Let me start by saying I hate diets. I think the word “diet” should be taboo and nobody really needs to be on one.

I’ve tried a bunch of them over the years. Like most people, I get caught up in the hype surrounding the hottest new diet fad and inevitably jump on board. My success rate? ZERO

It’s for this reason that I hate 99% of diet plans. They’re simply not sustainable over the long haul for most people. They often leave you feeling irritable and hungry by eliminating certain food groups you really enjoy.

Take the Keto Diet for example. It’s the most searched diet plan on Google. My personal opinion— IT STINKS! Giving up carbs and entering a state of ketosis will most definitely result in weight loss but ask anyone that’s tried the Keto Diet how sustainable it is over the long haul and you’ll get disappointing results. The Keto Diet is hard to follow and it can be heavy on red meat and other fatty, processed, and salty foods that are notoriously unhealthy. We also do not know much about its long-term effects, probably because it’s so hard to stick with. People simply can’t eat this way for a long time. It is also important to remember that “yo-yo diets” that lead to rapid weight loss fluctuation are associated with increased mortality.

Look, I’m not saying that all diet plans don’t work. Some people need a regimented plan in order to jump start weight loss. But when selecting a diet plan, do your research first. Are you really willing to eliminate certain foods, ie carbs, from your life? I’m not.

Sustainable long term weight loss requires something we all possess, costs nothing, and doesn’t involve buying special meals or avoiding entire food groups. What is it? Common sense.

I don’t want to oversimplify this point but common sense is really all it takes to lose weight. Again, I’ll pick on the Keto Diet. Does it sound like common sense that eating a diet high in fat that eliminates all pleasure foods like cake, ice cream, cookies, and bread is really sustainable or healthy? When Thanksgiving dinner is over and it’s time for pumpkin or apple pie, are you gonna be satisfied watching everyone else enjoy that treat while you gnaw on a piece of bacon? C’mon! Let’s be honest.

Now look, I realize some people are on a see-food diet. You see it, you eat it. Self control is the root problem here. But if self control is your problem do you really think adhering to some radical diet plan is within your abilities? Probably not.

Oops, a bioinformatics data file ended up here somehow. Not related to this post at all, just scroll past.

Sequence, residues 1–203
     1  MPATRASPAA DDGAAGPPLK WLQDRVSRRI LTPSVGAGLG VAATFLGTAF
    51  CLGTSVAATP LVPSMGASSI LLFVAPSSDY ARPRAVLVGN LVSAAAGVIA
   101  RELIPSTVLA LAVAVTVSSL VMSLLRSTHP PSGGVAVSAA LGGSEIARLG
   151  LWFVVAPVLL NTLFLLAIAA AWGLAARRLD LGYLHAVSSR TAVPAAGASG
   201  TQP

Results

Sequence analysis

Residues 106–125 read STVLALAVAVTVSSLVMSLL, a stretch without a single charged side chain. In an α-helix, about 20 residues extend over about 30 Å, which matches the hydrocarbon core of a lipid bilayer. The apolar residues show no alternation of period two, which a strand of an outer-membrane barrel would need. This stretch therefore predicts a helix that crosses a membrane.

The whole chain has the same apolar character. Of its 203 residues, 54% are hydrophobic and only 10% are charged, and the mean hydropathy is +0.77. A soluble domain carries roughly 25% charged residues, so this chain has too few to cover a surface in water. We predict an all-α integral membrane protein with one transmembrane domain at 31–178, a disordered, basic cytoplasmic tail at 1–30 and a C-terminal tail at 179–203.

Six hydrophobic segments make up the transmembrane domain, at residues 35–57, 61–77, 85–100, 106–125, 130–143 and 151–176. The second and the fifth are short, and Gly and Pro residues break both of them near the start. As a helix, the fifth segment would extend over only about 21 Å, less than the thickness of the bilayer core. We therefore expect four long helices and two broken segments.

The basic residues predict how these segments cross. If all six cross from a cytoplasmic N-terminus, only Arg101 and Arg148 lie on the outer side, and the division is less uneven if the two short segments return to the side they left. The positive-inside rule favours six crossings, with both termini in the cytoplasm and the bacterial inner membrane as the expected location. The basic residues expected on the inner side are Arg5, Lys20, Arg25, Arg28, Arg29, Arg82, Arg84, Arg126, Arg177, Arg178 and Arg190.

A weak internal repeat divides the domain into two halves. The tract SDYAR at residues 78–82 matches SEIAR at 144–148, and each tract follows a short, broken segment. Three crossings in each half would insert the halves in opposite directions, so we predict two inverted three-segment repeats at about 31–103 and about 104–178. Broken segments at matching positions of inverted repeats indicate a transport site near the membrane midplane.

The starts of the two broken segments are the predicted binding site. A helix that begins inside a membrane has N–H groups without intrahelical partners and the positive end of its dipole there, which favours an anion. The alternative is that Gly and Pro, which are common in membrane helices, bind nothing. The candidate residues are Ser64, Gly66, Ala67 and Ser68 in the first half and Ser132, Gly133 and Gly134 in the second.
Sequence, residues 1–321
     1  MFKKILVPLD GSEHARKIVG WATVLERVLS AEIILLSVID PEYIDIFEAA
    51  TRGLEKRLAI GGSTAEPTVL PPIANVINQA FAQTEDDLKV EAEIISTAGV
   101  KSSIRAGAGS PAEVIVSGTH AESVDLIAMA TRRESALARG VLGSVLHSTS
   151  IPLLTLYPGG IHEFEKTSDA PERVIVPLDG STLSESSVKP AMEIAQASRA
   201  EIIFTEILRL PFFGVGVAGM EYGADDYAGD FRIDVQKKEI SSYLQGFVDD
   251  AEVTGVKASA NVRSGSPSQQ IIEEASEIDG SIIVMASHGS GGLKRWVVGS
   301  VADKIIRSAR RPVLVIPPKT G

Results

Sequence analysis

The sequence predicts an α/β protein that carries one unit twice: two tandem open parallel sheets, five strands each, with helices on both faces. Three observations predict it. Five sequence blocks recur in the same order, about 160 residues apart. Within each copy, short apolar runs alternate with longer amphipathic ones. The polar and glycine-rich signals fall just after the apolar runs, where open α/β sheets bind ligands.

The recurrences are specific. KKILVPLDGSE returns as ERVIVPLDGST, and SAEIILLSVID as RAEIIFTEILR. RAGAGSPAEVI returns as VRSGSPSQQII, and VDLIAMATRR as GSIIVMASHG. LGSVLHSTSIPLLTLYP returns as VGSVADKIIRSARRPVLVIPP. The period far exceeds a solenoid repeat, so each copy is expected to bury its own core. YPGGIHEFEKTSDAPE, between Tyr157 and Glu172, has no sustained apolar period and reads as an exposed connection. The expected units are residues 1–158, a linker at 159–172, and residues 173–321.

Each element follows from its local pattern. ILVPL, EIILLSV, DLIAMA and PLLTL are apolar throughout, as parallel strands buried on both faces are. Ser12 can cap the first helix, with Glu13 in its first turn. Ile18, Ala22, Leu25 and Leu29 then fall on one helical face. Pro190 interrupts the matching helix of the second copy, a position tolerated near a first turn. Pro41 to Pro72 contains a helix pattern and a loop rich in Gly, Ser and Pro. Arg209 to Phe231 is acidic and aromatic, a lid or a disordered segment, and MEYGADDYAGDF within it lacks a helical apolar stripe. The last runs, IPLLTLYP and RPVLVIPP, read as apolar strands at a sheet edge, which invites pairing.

Common sense. Let’s get real about the topic of long term weight loss. Sure, we all know those few lucky individuals who never work out and never gain weight. But the reality is that that’s not YOUR reality. Again, your success or failure at losing weight is going to boil down to common sense. Common sense means learning portion control, self restraint, realistic exercise routines, and where and what time you should eat. If you think eating pizza, burgers, fast food, processed meats and soda is common sensical, it’s not a diet plan you need, it’s a wake up call.

The U.S. weight loss market is now worth a record $66 billion, but the number of dieters has fallen, due to the growth of the size acceptance and body positivity movement. While it’s great that our society is getting better at not fat shaming, it isn’t helping our obesity problem around the globe.

Processed convenience foods are our biggest problem. A recent study found that over 50% of the foods we purchase fall under the category of “highly processed”. Is it coincidental that as our intake of processed foods has increased, so too have obesity rates?

Clean eating and exercise are critical to sustainable long term weight loss. Common sense tells us that if we get back to the farm-to-table approach utilized before the industrial revolution, we’d have around 75% of the problem tackled. The other 25% is exercise. America’s youth are leading an increasingly sedentary life. Cell phones and video games are replacing playgrounds and ball fields for many of our kids. Most adults aren’t much better. We must start teaching our kids the importance of physical activity for health and disease prevention and start leading by example.

Despite my dislike for diet plans, I’m gonna review several currently popular plans over the next month. At the end, I’ll tell you my story and how I was able to lose 50 lbs and keep it off. I’ll give you a hint at how I did it— common sense.

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